Bosses who force their employees to come into the office will be slammed with $10,000 on-the-spot fines as New South Wales races to stop the spread of the deadly Delta variant.
NSW Premier Gladys Berejiklian announced the new penalties on Saturday morning, in tandem with a suite of tougher restrictions targeting the COVID-19 spread in south western Sydney.
“There will be harsher penalties for any employer who forces their employee to come into the office,” Berejiklian said.
“We've said that employees - anyone who works in an office environment - should be working from home, but if your boss forces you to come into work in an office environment, your boss could be given an on-the-spot fine of $10,000.
“We don't want employees being forced into the office. We've said that all people who can work from home should be working from home and if you feel you are being forced to go into the office, your employer will be given that harsher penalty.”
The fines will come into place as of Wednesday, and apply to all businesses in the Greater Sydney and surrounds lockdown region.
NSW Chief Health Officer Kerry Chant said employers must immediately review everyone that they have requested come into the office and ask them to work remotely.
111 new cases, tough new restrictions for south west Sydney, retail
The fines come as the state records 111 new cases of community transmission, with workers in the Canterbury Bankstown and Fairfield local government areas now required to remain in their areas until 30 July.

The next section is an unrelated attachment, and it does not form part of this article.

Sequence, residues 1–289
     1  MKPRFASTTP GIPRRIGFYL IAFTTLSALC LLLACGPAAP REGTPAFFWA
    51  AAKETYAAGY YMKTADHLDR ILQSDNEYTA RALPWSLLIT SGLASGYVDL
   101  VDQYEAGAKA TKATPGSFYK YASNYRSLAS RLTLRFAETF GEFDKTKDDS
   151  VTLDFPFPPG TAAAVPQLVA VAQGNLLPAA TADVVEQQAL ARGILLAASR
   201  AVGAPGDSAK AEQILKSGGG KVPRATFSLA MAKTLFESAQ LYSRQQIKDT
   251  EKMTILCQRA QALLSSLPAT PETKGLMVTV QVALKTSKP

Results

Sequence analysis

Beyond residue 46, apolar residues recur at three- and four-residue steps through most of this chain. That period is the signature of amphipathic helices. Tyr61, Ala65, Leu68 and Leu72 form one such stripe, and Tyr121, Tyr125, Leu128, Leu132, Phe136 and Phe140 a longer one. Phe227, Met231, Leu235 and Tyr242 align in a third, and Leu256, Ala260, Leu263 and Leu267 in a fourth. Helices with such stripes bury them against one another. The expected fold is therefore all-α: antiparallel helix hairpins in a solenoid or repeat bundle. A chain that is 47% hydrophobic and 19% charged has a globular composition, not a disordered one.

The new rule applies to all workers bar those in emergency services and healthcare.
“We don't want anyone in those three local government areas working outside those local government areas,” Berejiklian said.
“Now, we please ask for all businesses across the Sydney metropolitan area and beyond to consider rostering arrangements over the weekend, to consider what they can do to mitigate the impact on their business.
“But it is so important for us not to have that concentration of cases spill out into the Greater Sydney community.”
Additionally, all non-critical retail in the Greater Sydney and surrounds lockdown territory is to cease face-to-face sales and must use only ‘click and collect’, takeaway and home delivery options.
Supermarkets, liquor and grocery stores, pharmacies, chemists and stores that predominantly sell health supplies, petrol stations and post offices and news agents may remain open.
Additionally, banks and financial institutions, pet supply stores, hardware stores and nurseries and office supply stores may remain open.
All construction in the lockdown regions not deemed essential must also stop until 30 July.
“I know these decisions aren't easy, I know a lot of people will be upset, but as we speak, we are reaching out to community leaders, to business leaders, to make sure that we consult and discuss these decisions, but also make sure we make the decision, transition as quickly as we can,” Berejiklian said.
“We are also calling on people for their common sense.”